WASHINGTON — An Arkansas congressman is working to reopen overnight camping at Albert Pike Recreation Area.
On Thursday, Republican US Rep. Bruce Westerman introduced the Ouachita National Forest Overnight Camping Act.
“After the Forest Service’s decision to permanently suspend all overnight camping at Albert Pike, I have heard from countless constituents who expressed their disappointment and frustration at the decision,” Westerman said in a news release. “We must ensure Albert Pike is safely refitted to ensure the 2010 tragedy never occurs again, but it would be a disservice to the community to permanently ban overnight camping and deprive folks who return to Albert Pike year after year to share the experiences they had as children with their families.”
Albert Pike Recreation Area, situated in Ouachita National Forest in Langley, Ark., was closed after a major flash flood killed 20 people on June 11, 2010. In November 2020, the Forest Service initiated a planning process to determine which facilities and infrastructure would support the uses of APRA in the future. Under the Forest Service’s final decision, no overnight camping is permitted at Albert Pike.
Westerman’s bill would —
• require the Forest Service to reopen any campsites outside of the 100-year flood plain within 30 days of the bill’s enactment;
• identify areas within APRA that are suitable for overnight camping within six months; and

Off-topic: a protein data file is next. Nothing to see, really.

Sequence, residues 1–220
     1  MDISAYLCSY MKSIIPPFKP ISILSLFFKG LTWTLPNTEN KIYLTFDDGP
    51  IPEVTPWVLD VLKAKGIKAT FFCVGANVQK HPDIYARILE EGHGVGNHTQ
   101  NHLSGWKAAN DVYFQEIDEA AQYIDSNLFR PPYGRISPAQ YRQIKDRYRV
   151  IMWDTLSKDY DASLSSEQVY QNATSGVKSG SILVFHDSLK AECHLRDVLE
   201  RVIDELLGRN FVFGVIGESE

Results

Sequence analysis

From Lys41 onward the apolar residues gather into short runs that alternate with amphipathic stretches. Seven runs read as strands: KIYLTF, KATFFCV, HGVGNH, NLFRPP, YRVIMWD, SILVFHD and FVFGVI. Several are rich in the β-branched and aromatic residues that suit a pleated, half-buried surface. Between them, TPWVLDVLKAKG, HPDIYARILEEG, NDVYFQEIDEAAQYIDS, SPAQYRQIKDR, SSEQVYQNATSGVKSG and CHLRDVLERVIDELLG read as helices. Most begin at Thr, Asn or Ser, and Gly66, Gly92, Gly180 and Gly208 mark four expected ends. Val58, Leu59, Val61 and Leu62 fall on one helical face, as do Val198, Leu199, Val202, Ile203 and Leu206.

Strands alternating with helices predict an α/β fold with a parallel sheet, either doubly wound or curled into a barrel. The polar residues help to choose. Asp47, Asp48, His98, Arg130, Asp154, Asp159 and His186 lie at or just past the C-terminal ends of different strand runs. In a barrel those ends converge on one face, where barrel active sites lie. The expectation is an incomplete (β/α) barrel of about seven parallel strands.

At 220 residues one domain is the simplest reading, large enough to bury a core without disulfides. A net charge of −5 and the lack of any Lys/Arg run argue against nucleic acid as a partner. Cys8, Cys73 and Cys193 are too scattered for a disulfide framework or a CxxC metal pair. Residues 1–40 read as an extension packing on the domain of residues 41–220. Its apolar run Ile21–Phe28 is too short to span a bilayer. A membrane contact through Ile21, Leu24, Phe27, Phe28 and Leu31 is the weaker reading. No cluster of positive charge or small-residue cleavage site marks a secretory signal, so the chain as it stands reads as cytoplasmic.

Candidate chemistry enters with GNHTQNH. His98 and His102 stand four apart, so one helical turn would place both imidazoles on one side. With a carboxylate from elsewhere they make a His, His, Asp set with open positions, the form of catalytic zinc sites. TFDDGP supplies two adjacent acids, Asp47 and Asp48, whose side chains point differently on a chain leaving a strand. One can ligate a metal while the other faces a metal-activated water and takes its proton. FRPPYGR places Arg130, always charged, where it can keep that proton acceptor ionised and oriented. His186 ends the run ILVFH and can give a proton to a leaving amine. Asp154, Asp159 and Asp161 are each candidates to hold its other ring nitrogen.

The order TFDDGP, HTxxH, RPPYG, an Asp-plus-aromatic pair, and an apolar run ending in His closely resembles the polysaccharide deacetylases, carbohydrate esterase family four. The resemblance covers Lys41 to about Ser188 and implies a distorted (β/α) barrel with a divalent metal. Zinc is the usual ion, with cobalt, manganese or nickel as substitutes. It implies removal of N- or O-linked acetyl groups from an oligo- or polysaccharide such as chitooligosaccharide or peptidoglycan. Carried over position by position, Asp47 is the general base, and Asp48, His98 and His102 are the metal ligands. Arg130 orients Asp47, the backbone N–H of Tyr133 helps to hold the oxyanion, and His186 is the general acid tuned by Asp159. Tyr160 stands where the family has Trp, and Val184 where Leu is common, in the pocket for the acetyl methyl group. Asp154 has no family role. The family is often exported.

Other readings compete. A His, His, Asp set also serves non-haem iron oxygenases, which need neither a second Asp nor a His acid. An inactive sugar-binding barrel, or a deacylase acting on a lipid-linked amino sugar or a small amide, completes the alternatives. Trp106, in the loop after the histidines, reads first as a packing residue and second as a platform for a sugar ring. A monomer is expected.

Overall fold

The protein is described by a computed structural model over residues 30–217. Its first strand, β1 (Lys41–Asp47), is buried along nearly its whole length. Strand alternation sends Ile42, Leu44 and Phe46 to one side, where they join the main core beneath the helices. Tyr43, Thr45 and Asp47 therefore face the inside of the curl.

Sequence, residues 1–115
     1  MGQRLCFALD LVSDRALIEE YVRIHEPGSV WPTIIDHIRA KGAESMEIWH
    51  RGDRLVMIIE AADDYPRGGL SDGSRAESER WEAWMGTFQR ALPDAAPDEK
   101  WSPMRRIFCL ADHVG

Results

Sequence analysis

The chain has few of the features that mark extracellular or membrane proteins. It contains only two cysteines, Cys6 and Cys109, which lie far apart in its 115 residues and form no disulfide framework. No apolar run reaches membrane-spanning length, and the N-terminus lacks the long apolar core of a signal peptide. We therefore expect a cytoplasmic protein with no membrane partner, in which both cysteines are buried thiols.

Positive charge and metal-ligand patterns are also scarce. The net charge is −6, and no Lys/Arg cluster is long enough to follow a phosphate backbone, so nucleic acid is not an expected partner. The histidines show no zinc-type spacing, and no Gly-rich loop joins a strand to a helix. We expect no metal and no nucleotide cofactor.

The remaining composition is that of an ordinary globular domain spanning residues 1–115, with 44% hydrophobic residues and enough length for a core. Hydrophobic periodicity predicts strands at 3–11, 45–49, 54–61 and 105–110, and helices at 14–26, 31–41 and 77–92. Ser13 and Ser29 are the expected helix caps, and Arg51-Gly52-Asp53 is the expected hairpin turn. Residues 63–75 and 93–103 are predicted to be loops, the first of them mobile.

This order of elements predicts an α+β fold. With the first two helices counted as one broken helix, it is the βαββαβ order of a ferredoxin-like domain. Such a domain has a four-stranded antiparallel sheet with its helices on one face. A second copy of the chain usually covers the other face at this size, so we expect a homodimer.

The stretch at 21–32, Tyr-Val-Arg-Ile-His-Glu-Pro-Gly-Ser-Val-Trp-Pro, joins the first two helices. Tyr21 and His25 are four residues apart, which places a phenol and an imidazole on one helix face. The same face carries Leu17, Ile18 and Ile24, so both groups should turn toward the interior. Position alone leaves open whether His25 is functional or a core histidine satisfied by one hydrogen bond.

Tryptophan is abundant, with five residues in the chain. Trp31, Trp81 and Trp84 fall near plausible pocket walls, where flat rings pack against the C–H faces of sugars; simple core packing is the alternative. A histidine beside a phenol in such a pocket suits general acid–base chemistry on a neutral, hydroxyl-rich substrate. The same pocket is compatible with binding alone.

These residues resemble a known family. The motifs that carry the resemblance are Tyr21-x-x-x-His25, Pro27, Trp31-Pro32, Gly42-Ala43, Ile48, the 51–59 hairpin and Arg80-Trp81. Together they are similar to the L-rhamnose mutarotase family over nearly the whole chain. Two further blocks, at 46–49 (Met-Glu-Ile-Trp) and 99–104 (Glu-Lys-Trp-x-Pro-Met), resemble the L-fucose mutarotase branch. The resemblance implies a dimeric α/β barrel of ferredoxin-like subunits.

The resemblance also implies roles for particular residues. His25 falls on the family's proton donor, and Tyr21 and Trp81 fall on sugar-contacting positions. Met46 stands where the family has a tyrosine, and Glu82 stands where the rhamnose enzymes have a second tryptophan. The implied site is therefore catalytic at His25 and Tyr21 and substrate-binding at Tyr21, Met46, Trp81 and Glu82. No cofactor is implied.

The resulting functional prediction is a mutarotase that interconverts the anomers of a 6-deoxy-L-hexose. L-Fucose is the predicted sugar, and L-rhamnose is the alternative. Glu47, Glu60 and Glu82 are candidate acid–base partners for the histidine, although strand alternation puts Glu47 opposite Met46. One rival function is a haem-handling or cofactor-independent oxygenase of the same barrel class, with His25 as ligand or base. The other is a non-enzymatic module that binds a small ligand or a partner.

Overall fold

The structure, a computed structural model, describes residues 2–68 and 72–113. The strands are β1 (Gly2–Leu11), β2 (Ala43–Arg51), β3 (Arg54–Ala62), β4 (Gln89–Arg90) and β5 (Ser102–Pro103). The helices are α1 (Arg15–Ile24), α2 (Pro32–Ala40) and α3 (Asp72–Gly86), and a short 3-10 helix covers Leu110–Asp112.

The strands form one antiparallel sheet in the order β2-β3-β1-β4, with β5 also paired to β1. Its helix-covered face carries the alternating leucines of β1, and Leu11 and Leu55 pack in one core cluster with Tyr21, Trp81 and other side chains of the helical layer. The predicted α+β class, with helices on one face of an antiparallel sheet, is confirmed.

• develop at least 54 campsites, including at least eight with water and electric capabilities, outside of the 100-year flood plain within two years of the bill’s enactment.
Claire Nance, Westerman’s communications director, said the legislator’s plan would not require a new source of funding.
“This bill does not authorize any new funding, meaning the funds to rehabilitate and open Albert Pike Recreational Area would come out of existing recreation budgets,” Nance said to the Gazette. “We are working to gather support.”
The next step is to refer the bill to the Natural Resources Committee, of which Westerman is a ranking member.
“Normal procedure will entail a scheduling of a legislative hearing and markup,” Nance said. “If the bill does not move forward this Congress, Rep. Westerman will reintroduce in the next Congress.”
The Forest Service declined to comment for this article.
“USDA Forest Service can’t comment on pending legislation,” said E. Wade Muehlhof, deputy national press officer.
The 1.8 million-acre Ouachita National Forest in Arkansas and Oklahoma is a recreation destination. Albert Pike Recreation Area features hiking, swimming and other day uses.